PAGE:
Mild weather, high storage likely to affect prices this week.
Investors eye global LNG demand, domestic production trends.
Futures market’s skepticism may influence this week’s prices.
Last Week’s Natural Gas Price Action
U.S. natural gas futures experienced a notable decline last week, primarily due to record-high production levels and forecasts for milder weather reducing heating demand.
The spot prices slid as the combination of increased output and lower-than-usual heating demand through mid-December suggests that utilities might withdraw less gas from storage.
This trend was evidenced by the U.S. Energy Information Administration’s (EIA) report showing an unexpected addition of 10 billion cubic feet (bcf) of gas to storage in the week ending November 24.
Weekly Natural Gas
Supply and Storage Surplus
The current gas storage levels in the U.S. are about 7.2% higher than average for this time of year. This surplus is a result of the warmer-than-usual weather reducing the need for heating.
The front-month contract for natural gas was down for the fourth consecutive week, a trend not seen since February 2023. Such a consistent decline indicates that the market might not be expecting significant price spikes this winter.
Futures Market and Long-Term Projections
The futures market has shown signs that traders are skeptical about significant price increases in the near term. However, there is an expectation of a price rise in the coming years, particularly around 2025.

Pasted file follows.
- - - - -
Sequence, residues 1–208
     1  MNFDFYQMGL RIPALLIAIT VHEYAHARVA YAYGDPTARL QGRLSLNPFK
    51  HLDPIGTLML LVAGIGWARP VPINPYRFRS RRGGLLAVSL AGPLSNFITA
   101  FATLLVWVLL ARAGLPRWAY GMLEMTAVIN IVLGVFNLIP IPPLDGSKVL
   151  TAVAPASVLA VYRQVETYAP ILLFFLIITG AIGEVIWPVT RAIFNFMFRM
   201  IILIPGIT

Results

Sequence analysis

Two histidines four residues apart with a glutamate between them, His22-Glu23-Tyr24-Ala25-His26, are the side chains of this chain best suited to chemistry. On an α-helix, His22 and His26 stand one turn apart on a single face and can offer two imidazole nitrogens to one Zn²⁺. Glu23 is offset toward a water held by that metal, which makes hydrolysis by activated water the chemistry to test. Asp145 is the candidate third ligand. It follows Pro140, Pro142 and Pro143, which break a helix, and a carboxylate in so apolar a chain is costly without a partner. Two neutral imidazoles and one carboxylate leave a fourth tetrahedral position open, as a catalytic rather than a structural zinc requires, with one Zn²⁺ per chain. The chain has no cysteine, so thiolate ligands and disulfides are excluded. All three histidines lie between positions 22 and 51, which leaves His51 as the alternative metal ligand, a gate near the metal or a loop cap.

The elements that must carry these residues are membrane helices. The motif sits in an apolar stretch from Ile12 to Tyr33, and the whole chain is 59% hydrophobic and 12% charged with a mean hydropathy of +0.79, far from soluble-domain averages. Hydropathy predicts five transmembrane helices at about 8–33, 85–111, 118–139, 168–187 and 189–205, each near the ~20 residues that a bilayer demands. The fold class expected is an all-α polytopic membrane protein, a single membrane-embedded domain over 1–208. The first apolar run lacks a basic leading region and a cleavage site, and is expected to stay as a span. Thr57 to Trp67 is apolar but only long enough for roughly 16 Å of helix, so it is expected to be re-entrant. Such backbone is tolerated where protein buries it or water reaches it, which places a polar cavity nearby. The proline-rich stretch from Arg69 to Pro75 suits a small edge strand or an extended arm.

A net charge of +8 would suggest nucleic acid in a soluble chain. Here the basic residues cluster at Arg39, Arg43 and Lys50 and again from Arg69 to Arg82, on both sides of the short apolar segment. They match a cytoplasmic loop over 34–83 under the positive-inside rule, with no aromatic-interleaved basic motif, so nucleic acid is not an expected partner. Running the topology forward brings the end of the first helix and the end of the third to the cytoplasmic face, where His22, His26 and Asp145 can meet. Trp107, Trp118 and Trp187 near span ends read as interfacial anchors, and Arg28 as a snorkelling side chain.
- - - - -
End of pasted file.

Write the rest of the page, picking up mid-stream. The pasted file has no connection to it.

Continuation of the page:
This forecast is based on the projected growth in demand, especially with new U.S. liquefied natural gas (LNG) export plants coming online in the U.S., Canada, and Mexico.
Recent Production and Demand Trends
The average gas output in the Lower 48 U.S. states reached a record 108.4 billion cubic feet per day (bcfd) in November. However, there was a slight decline in output in recent days.
The weather forecasts predict continued warmer conditions, which could lead to a drop in gas demand. The projected demand, including exports, is expected to decrease before rising again with the onset of cooler weather.
Exports and Global Market Influence
U.S. pipeline exports to Mexico have decreased, but they are expected to rise once new LNG facilities start operations. The U.S. is on track to become the world’s largest LNG supplier in 2023, with increased global demand partly driven by the geopolitical situation and supply disruptions.
Investor Interest Despite Price Slump
Despite the slump in natural gas prices, there has been significant investor interest in natural gas ETFs. This suggests that investors might be betting on a reversal of the current price trend, anticipating traditional seasonal pricing patterns to emerge later.
Summary and Outlook
In conclusion, while the U.S. natural gas market experienced a dip in prices last week due to high production and reduced heating demand, the future outlook remains cautiously optimistic. The market is closely watching for changes in weather patterns and global economic factors that might influence prices and demand in the short term.
The long-term outlook is more bullish, driven by expected growth in LNG exports and global demand.
James is a Florida-based technical analyst, market researcher, educator and trader with 35+ years of experience. He is an expert in the area of patterns, price and time analysis as it applies to futures, Forex, and stocks.